Palm Harbor, Florida -- Palm Harbor Fire Rescue and Curlew Hills Memorial Gardens unveiled a new 9-11 memorial to a crowd of more than 700 people during the morning dedication ceremony.
The memorial includes two granite pieces in the shape of the World Trade Center Twin Towers that features a piece of steel from the World Trade Center suspended between the towers.
"It's beautiful," said Anne Koster. She pointed to the top of the South Tower toward the 81st floor where she was working on that fateful day.
She recalls sitting at her desk and watching as an airplane approached closer and closer to her building.
"The plane came into the left, just came in, just came right into the building. Tiles came down off the ceiling, the lights shook," she told 10 News.
She quickly called her husband to let him know she was okay and then made her way down the emergency stairwell her friend and co-worker Susan.
"I was walking on the 44th floor, a fireman had given me oxygen, Susan told me to rest with her and I told Susan, I didn't want to rest, I wanted to go," said Koster.
She pleaded with her friend, but Susan refused to continue the journey down the stairs.
"It took me an hour and fifteen minutes to get down the stairs and I was out of the building 15 minutes when tower one came down," she said.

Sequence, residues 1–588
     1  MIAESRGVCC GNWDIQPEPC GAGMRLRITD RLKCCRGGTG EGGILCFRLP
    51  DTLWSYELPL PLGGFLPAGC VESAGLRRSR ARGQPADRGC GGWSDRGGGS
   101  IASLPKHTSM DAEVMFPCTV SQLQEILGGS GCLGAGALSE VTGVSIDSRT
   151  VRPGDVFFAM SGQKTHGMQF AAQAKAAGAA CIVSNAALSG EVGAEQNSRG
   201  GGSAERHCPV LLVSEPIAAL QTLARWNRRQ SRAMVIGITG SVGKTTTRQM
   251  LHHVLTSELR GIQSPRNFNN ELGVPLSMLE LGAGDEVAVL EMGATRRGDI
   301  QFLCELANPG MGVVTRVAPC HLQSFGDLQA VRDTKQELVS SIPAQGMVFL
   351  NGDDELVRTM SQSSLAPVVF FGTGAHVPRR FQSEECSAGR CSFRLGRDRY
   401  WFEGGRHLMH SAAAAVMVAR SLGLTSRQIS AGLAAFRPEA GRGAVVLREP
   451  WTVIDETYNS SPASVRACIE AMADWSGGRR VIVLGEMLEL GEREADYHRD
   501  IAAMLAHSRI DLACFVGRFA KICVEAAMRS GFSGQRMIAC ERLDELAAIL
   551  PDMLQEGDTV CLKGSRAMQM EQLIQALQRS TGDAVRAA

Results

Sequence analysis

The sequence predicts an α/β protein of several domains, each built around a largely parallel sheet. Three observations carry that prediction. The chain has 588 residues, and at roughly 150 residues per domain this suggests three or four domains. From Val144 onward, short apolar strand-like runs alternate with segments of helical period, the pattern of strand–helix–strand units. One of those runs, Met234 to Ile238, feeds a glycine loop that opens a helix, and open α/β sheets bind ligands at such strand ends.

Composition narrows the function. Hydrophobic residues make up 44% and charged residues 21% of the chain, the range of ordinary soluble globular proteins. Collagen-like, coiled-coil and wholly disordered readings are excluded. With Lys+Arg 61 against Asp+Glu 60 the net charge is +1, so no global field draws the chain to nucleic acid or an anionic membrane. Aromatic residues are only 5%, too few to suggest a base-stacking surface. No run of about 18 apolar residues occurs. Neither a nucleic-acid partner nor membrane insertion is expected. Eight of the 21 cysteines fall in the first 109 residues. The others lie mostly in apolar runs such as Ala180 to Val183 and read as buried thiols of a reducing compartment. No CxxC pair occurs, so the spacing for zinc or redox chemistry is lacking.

Susan did not make it out of the building alive.
Koster took part in today's dedication ceremony with hopes of keeping the memory of those who lost their lives that day, alive.
Luis and Victoria Kikis spent the morning making copies of fellow firefighters and friends who gave their lives that day.
They filled four sheets of white paper with pencil copies of the names.
"We have Michael Judge who was the Chaplain of the fire department, Ronald Bucca who was the only fire marshal who perished, so many, many names," said Victoria Kikis.
"People tend to forget so when you have something like this, it keeps it going," her husband said, looking toward the memorial wall with the names of his comrades. Luis Kikis was working with the unit in Brooklyn and responded to Ground Zero the next day. They didn't leave until a few months later.
Eleven years may have gone by, but the memories are still fresh. While the survivors have moved on, they have not forgotten. They don't want anyone else to forget either and that's why they continue to share their stories, especially with a generation of children who were not even born or too young to remember.
Koster will go home tonight and tell her story to her friend's daughter who is working on a report about 9/11 for school.
The Kikis have a collection of memorabilia from 9/11 and share their stories with classrooms of children. They will be adding the sheets of names they copied today to the collection.
More than 1,000 pieces of steel from the World Trade Center have been distributed across the country to be included in public memorials.